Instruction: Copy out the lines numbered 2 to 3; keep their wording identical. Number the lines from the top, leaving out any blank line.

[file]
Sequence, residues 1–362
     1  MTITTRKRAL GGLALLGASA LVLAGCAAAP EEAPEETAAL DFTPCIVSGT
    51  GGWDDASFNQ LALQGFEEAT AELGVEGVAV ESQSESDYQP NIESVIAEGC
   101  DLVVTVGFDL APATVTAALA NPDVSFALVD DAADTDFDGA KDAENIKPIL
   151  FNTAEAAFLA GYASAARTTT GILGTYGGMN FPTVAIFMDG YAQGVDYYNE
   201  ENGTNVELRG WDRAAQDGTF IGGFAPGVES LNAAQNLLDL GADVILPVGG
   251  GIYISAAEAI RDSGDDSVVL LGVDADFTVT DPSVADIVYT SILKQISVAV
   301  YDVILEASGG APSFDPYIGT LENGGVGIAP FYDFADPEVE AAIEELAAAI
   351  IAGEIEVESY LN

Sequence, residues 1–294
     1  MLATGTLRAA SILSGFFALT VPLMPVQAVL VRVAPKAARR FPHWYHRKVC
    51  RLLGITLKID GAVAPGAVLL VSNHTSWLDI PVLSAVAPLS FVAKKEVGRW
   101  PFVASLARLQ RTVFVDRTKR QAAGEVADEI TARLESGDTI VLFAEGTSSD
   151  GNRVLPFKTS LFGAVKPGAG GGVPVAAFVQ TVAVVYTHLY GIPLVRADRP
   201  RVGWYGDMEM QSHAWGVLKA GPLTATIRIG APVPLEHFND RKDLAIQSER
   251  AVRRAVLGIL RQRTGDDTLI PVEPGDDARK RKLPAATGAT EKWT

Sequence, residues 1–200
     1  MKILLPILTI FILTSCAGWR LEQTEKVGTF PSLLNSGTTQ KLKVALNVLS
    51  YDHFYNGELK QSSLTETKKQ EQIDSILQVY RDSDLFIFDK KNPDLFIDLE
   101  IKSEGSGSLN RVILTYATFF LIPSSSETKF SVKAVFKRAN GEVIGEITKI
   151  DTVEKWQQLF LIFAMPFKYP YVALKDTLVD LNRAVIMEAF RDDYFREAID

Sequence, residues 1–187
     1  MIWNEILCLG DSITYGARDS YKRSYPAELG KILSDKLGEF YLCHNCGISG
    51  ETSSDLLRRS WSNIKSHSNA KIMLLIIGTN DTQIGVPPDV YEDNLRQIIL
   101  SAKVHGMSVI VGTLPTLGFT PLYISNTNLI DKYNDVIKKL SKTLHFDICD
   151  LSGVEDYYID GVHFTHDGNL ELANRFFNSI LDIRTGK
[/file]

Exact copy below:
     1  MTITTRKRAL GGLALLGASA LVLAGCAAAP EEAPEETAAL DFTPCIVSGT
    51  GGWDDASFNQ LALQGFEEAT AELGVEGVAV ESQSESDYQP NIESVIAEGC